I hadn’t had any trouble with either of my laptops recently, so I decided to mess around with my desktop instead by installing Foresight Linux on it (to replace Xubuntu). I had first heard about it because I’d heard good things about its package manager Conary, and then because it was being shipped with the Shuttle KPC. Surely, if it was being shipped with an inexpensive mass-market machine like that, it should be pretty easy to use, right? Wrong. Oh, the install worked great. The initial boot was complicated by the way I already had GRUB set up, but I got through it. It brought me up to a reasonably functional desktop environment, at full resolution (which is only 1280×1024) and with full networking (for a common-as-dirt Ethernet chip), which is actually pretty decent.

Then I started to play with stuff, and that’s where I began to see how user-unfriendly Foresight can be. The Emerald Theme Manager (part of Beryl) seemed to be installed, so I figured I’d try some eye candy. No go. Various forum posts seemed to indicate that I needed to install something called fusion-icon to get access to that stuff (along with many complaints about the partial nature of the Beryl/Emerald/Compiz/whatever distribution in Foresight) so I started my first venture into Foresight package management. It seemed like they had wrapped Conary in something called PackageKit, so I gave that a try. Well, PackageKit is bleeping useless. As Seopher explains better than I can be bothered to, it is of little to no use in finding the package you need, so if you don’t know exactly what it’s named you’re out of luck. PackageKit is slow, the interfaces are all lousy, and it has plenty of other shortcomings as well. My unfavorite is that some commands must be run as root, and some must not be, with no real rhyme or reason to it; some of the non-root commands are far more destructive than the root ones. I managed to persuade it to install fusion-icon and the correct video driver, then resolved to use Conary directly from then on. Voila! I had all sorts of silly eye candy, which I’ll probably never use or think about again, but it was an interesting exercise.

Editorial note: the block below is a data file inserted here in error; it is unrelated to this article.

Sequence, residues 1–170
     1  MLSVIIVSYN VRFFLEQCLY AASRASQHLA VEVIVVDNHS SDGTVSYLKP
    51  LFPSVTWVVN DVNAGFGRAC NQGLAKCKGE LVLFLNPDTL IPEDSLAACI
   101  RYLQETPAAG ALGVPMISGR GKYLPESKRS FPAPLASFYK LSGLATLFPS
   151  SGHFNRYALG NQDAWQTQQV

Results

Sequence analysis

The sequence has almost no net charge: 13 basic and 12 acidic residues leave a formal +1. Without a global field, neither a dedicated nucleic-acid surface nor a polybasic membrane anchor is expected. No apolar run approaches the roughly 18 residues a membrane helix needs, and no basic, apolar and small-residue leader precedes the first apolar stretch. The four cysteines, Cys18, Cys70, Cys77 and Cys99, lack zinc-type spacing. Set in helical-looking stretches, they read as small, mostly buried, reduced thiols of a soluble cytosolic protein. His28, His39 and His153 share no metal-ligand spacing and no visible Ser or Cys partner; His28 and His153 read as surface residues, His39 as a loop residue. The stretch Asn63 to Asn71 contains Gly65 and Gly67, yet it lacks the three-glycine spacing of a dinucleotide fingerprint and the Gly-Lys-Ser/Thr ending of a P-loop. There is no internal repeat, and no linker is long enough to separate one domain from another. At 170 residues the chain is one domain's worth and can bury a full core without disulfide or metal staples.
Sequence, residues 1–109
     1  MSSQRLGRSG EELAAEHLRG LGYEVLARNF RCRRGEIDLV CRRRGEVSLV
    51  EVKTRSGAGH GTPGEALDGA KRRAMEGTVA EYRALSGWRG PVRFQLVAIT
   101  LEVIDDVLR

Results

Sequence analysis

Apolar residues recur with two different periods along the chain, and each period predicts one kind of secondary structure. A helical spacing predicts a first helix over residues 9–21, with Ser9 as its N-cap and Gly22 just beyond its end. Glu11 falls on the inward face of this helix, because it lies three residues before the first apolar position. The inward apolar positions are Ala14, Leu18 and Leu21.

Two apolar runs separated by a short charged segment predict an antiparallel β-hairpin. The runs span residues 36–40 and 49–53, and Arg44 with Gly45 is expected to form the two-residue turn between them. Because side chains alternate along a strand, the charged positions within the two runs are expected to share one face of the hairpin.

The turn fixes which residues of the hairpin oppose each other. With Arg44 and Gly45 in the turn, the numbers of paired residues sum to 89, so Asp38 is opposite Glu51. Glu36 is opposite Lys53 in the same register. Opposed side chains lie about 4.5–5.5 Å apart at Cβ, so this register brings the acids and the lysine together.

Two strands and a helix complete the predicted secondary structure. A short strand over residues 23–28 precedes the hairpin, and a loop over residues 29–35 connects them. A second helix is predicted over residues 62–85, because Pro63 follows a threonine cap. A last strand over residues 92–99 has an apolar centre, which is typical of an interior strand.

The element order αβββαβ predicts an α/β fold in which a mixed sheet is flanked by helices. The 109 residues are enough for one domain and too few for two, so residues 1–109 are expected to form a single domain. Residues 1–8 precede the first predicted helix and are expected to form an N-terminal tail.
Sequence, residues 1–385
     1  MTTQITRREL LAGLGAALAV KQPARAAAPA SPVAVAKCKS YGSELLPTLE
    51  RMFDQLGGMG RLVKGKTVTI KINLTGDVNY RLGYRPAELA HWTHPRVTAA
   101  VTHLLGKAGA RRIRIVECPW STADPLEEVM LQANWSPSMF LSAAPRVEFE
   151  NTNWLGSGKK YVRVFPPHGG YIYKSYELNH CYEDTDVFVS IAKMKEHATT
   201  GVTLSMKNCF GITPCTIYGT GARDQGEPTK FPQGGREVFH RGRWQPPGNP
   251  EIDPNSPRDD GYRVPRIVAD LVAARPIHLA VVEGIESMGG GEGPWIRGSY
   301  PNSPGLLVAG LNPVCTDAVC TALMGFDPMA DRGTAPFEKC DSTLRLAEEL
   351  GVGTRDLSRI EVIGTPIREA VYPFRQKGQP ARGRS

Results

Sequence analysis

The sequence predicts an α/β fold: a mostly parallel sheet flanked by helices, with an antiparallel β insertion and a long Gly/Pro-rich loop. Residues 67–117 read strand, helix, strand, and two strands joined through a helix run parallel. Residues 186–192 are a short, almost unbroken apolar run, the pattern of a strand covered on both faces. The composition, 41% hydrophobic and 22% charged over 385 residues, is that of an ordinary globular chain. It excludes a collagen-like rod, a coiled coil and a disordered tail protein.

My next great disappointment came when I tried to import some settings from my old Xubuntu setup, and xrdb complained about cpp being absent. How can the C preprocessor be missing? Well, it turns out that the system ships with no compiler, which is just inexcusable for a Linux system. Unhappy about having to install the compiler in the first place, I was doubly unhappy to find out that Conary isn’t all it’s cracked up to be either. It happily told me that gcc was already installed, but there was still no compiler actually there. After some digging around, I discovered that I had to install gcc:runtime to get an actual compiler. That’s insane, but it gets worse. Having lost faith in the ability of the Foresight developers to do something reasonable that would result in a working system, I decided to try compiling a “hello world” program. It failed, due to header files missing. After even more digging (“conary rq –path” seems to be the most useful incantation they provide) I installed gcc:devel so that I could compile and run a simple program. That’s two more steps and a lot more digging than should have been necessary. Overall, this business of packages and components and “troves” and package names that sometimes look semi-reasonable and other times look like they’ve had a bunch of line noise tacked on the end all seems rather arbitrary, inconsistent, and obfuscatory. Maybe “gcc-objc;4.1.2-11-0.1;x86;/conary.rpath.com@rpl:devel//2-qa/1204703034.211:4.1.2-11-0.1,1#x86|5#use:~!bootstrap:~!cross:~!gcc.core” has some use or value to rPath developers, but it’s just a silly-looking mess to anyone else. (Yes, I got that from pkcon rather than conary, but who the heck cares? How you layer your software should be your problem, not the user’s.)

It’s a good thing I don’t care much about sound on this machine, because that doesn’t work either and I’m sure I could have another whole rant about that if I did care. In the end, all I can say that the single word that comes to mind for Foresight Linux is immature. Despite all the claims of being oriented toward ease of use, it’s just not ready for general use even among Linux experts.